The Surprise Box Office Hits of 2016

Lots of films struggled at the box office this summer - but 2016 has not been short of surprise box office hits.

Much of the box office analysis of 2016 – especially summer 2016 – has focused on the collection of films that have fallen short of expected revenues. Be they Star Trek Beyond, Ghostbusters, Independence Day: Resurgence, X-Men: Apocalypse, or Ice Age: Collision Course, there’s been no shortage of stories of box office troubles.

But what about the films that have genuinely surprised, and that have found a larger audience than people had been expecting? Turns out that there have been quite a few…

Bad Moms

In a summer where the likes of Mike & Dave Need Wedding Dates and Neighbors 2 failed to really take off, Bad Moms has proven to be an R-rated comedy treat. Not helped at first by being sold as from the writers of The Hangover, the resultant movie is actually a smart and very funny piece of work. The cast, led by Mila Kunis, Kristen Bell, and Kathryn Hahn, are on top form. And Bad Moms is an R-rated comedy that actually delivered. With laughs. 

The reward? Strong box office. The $20 million movie has crossed the $100 million in the US – it’s about to outgross the Independence Day sequel in the States – and has thus far added $40 million elsewhere. Don’t be surprised if there’s talk of a sequel in the months ahead, and Bad Moms has all the signs of being a bigger hit still on home formats.

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Lights Out

The Conjuring 2 gave James Wan another solid horror hit ($319 million worldwide), but he also smartly backed the extension of David F. Sandberg’s hugely impressive short film into a feature. Lights Out was the end result.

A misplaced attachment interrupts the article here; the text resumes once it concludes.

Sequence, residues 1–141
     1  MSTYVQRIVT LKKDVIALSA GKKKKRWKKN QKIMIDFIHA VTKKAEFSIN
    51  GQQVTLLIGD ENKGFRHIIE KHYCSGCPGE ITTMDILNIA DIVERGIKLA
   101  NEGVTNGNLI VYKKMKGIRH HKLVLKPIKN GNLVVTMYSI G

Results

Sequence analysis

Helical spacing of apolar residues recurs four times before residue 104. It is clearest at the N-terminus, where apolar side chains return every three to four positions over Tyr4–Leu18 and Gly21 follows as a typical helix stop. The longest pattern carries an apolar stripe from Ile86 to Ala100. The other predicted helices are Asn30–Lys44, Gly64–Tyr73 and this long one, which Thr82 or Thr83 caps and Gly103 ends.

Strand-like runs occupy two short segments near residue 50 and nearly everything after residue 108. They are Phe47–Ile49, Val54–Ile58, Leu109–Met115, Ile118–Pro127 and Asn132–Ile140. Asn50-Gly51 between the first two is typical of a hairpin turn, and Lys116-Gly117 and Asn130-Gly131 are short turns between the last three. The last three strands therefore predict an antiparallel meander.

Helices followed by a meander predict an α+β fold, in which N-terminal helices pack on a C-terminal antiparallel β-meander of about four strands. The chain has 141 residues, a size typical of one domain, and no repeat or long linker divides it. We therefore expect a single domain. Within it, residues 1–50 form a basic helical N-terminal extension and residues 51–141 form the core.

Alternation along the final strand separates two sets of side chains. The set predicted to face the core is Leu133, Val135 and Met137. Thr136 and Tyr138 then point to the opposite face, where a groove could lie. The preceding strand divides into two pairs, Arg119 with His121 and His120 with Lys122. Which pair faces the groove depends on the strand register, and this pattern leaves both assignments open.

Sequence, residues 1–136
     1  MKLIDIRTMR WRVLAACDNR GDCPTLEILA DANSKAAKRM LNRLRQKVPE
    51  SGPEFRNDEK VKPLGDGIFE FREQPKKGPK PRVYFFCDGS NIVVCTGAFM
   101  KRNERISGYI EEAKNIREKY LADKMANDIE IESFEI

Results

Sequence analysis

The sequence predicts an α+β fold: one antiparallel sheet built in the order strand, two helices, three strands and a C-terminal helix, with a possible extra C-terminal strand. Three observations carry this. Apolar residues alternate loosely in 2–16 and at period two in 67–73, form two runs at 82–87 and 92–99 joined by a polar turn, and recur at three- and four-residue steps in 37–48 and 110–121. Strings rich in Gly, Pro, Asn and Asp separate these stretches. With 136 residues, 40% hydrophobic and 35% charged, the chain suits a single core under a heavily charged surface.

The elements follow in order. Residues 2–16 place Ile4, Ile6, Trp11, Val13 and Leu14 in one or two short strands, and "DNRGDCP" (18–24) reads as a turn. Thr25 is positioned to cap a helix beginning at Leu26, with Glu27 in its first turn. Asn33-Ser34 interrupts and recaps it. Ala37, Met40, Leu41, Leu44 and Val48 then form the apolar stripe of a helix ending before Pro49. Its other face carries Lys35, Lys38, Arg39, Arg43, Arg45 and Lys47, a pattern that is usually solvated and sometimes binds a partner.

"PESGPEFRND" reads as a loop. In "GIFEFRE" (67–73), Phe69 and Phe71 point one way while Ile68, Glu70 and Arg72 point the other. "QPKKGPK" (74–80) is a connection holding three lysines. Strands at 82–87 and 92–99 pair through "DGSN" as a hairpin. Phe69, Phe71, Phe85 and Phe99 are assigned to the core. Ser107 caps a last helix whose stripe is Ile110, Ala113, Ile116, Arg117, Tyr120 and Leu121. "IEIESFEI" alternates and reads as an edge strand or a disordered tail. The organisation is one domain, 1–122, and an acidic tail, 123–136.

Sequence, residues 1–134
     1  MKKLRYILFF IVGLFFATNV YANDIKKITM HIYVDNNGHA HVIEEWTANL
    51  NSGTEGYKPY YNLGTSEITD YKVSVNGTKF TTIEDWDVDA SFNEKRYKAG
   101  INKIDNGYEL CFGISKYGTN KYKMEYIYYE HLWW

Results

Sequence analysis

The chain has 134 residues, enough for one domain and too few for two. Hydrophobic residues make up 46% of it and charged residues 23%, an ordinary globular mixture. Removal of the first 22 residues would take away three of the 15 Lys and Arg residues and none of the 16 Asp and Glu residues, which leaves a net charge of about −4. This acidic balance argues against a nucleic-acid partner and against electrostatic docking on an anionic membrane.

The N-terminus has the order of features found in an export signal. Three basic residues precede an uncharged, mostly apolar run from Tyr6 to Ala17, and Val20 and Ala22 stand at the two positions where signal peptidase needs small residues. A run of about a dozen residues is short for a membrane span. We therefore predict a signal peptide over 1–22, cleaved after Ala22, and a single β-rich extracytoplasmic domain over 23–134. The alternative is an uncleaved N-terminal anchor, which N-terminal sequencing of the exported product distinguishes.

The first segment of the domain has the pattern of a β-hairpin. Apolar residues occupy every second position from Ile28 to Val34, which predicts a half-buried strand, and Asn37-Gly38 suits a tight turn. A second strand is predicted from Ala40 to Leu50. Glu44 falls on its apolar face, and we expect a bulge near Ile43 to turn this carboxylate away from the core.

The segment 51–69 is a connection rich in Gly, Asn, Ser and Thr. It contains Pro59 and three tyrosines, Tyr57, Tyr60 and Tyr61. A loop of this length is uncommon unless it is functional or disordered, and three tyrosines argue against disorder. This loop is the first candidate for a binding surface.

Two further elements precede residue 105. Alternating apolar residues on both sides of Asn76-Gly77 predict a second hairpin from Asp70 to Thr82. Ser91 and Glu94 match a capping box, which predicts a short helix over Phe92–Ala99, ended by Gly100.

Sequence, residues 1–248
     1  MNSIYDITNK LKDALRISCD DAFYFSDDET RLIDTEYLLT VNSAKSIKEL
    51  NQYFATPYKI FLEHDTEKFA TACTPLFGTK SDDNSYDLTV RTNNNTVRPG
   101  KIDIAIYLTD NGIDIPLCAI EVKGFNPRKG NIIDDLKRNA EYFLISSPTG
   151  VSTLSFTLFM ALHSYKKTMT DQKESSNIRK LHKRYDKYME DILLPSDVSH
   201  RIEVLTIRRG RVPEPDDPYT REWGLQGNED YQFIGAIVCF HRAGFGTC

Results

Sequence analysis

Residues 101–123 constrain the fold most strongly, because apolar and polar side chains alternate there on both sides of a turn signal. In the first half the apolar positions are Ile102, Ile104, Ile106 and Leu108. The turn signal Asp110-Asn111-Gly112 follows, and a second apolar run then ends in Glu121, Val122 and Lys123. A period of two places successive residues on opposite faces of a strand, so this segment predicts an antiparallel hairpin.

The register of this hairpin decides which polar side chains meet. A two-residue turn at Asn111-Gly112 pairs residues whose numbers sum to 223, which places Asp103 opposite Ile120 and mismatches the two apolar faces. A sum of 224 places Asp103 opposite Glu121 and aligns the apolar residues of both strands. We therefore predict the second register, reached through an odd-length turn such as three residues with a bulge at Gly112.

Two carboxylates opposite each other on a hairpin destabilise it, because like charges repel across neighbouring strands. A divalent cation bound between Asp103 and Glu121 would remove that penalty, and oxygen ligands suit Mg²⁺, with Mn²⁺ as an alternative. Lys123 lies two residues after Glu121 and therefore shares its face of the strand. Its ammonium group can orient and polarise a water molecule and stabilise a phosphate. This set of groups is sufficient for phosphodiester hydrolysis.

Running to a lean 81 minutes, Lights Out has little fuss about what it’s doing, and generates some good jumpy scares by the time the ride is over. There’s a tinge of The Babadook to it too, and Sandberg’s feature found its audience.

The film has so far generated $65 million of business in the States, and $70 million elsewhere, for a running total of (gets calculator out) $135 million. The production budget? Under $5 million. It might not score high on the list of the biggest grossing films of the year, but Lights Out may turn out to be one of the most profitable, even once distribution costs and marketing have been factored in. A sequel has already been greenlit.

Me Before You

While many of us were off trying to find blockbuster movies we liked, Me Before You quietly became a decent hit for Warner Bros. The drama starred Emilia Clarke and Sam Claflin, and again, this was a modestly priced movie, costing $20 million for the film itself. Based on the novel by Jojo Moyes (and Moyes also adapted the book herself for the screen) and directed by Thea Sharrock (making her feature directorial debut), Me Before You took in a decent $56 million in the US. But outside, it found a bigger audience, with good takings in Brazil, Germany, the UK, Mexico, and Australia.

As such, Me Before You has crept – almost without anybody noticing – to a few coins shy of $200 million at the worldwide box office. 

Monster Hunt

You want proof of the growing importance of Chinese box office takings to movie studios? That the next two films should provide it. First up is Monster Hunt, a film that was released in January, and yet has only been released in a few countries in Europe, and certainly hasn’t had a proper US release, taking $32,766 in America.

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Yet Monster Hunt, a mix of action, comedy, and fantasy from director Raman Hui, has thus far outgrossed Independence Day: Resurgence, Now You See Me 2, Alice Through The Looking Glass, Star Trek Beyond, Ghostbusters, Teenage Mutant Ninja Turtles: Out Of The Shadows, and The BFG.

It has taken $385 million at the global box office. And $381 million of that has come from Chinese cinemas.

The Mermaid

In China, there was little doubt that The Mermaid was going to be a big hit – although few predicted it would earn as much as it had. It’s the latest film from the brilliant Stephen Chow (Shaolin Soccer, Kung Fu Hustle), and his mix of romance, comedy, fantasy and an assassination story is currently the ninth biggest film of the year worldwide. X-Men: Apocalypse? Kung Fu Panda 3? Jason Bourne? They all trail it.